In a move that's kind of like breaking up with your girlfriend via text message, Ian Poulter last night announced via Twitter he no longer was affiliated with Cobra-Puma Golf.
So let the guessing games begin.
Educated guesses are often better when they start by eliminating possibilities, so here is where Poulter is unlikely to go. Given the money he may want, Mizuno (which already has Luke Donald to appease its European market) is unlikely. Adams is in transition so rule them out, too.
Two companies that would appear to be a good fit have circumstances that would make a Poulter signing prohibitive. Nike would certainly seem to be a good cultural match, but Nike requires its athletes be head to toe and Poulter, who has his own apparel line, isn't going to don Nike's threads. Ping, which doesn't manufacture golf balls, would allow the Englishman to continue playing Titleist balls (Poulter tweeted his thumbs up of the new prototype Pro V1x), but the Phoenix-based company already has plenty of global strength with players such as Lee Westwood and Miguel Angel Jimenez, making the addition of another Euro with a big contract in the low probability range.
Callaway certainly has an affinity for star players, but in recent years has taken more of a "Moneyball" approach to its staff (outside of Phil Mickelson), preferring younger and (hopefully) up-and-coming players to round out its roster. The 38-year-old Poulter doesn't appear to fit that bill, either.
So where might he end up? Titleist, because of the ball, is a possibility. In fact, Poulter began his stint with Cobra when the company was owned by the Acushnet Co. But the guess here is Titleist/FootJoy would offer a ball, shoe, glove deal as opposed to a full-line contract.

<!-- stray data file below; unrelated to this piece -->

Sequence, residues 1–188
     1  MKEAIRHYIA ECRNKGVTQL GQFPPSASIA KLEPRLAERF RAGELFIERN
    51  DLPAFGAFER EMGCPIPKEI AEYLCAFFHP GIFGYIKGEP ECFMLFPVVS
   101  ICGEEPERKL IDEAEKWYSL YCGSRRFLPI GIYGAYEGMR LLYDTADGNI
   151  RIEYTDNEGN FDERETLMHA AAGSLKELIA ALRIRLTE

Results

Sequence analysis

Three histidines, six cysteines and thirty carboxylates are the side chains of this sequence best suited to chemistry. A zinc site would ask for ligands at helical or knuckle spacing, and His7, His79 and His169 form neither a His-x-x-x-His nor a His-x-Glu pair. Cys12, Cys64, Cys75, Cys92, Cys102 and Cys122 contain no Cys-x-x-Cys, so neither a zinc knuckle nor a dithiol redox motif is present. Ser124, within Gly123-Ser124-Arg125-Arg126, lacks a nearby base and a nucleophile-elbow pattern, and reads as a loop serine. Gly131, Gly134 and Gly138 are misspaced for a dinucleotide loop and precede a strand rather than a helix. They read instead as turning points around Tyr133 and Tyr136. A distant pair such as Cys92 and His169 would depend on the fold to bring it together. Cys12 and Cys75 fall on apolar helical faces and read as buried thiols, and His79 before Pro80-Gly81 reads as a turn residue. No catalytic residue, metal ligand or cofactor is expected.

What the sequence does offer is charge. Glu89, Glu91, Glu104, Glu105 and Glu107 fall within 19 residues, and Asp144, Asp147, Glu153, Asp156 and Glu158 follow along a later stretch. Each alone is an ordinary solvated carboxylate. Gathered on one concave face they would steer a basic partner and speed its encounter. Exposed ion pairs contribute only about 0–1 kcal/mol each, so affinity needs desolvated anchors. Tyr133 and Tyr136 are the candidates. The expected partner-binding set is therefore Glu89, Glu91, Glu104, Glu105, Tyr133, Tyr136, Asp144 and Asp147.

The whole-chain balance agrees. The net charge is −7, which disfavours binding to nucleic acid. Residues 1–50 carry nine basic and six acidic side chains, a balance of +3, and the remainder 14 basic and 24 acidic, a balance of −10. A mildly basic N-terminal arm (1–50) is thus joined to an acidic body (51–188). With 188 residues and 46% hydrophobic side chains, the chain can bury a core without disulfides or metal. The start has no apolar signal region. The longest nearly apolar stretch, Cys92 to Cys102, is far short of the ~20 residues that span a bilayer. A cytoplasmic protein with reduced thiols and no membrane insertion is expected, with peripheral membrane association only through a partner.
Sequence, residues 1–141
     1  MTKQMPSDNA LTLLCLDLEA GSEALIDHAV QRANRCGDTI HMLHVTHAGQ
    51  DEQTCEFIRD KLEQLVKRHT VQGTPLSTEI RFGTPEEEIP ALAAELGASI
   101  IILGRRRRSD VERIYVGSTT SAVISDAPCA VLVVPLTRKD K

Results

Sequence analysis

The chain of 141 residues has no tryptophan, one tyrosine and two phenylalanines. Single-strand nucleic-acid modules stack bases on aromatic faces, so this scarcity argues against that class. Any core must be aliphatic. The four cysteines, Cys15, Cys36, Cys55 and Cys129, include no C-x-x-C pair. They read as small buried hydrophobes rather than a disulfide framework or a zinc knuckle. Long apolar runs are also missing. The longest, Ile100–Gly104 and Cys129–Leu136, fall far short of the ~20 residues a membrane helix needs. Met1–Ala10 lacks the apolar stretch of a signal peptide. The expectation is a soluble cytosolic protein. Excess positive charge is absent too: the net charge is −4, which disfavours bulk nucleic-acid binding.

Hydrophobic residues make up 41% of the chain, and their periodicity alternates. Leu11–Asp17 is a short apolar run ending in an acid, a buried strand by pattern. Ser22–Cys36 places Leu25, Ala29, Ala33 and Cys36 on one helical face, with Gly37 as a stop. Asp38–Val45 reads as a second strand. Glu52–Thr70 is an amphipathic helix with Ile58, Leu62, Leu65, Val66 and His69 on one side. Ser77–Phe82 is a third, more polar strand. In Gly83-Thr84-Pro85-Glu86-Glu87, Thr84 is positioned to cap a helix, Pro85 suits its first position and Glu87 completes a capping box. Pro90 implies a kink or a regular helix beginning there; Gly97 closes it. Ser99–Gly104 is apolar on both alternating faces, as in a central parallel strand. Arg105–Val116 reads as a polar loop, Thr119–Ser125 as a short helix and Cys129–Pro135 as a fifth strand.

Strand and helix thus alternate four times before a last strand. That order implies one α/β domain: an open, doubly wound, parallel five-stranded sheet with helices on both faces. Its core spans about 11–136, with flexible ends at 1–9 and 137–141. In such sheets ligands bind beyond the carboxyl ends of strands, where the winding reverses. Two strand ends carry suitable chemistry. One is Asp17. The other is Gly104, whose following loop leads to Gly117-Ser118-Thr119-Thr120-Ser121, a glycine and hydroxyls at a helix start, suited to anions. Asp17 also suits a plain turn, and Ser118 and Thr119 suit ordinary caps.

TaylorMade always is seeking to bolster its tour staff and adding Poulter would be a nice get. But again, any deal there likely would have to include the ball and Poulter might not be willing to make that switch at this stage of his career.
To me the two most intriguing possibilities are Srixon and Wilson. Srixon is making a big effort in clubs in the U.S. in 2015 and needs attention to make those launches successful. They also have money. If they would be willing to let Poulter not play their ball, it would appear a solid route to go.
Wilson is another fascinating option. The company has slowly, but successfully re-built its brand and might be looking to make a splash on tour, especially since its flagship player, Padraig Harrington, hasn't played well in recent years. Add in the global component (Wilson is a highly successful golf brand in Europe) as well as the likelihood they would allow Poulter a ball, shoe, glove deal from Titleist and on the surface this deal works very well for both sides.
Of course, as Poulter tweeted, he'll let us know soon enough.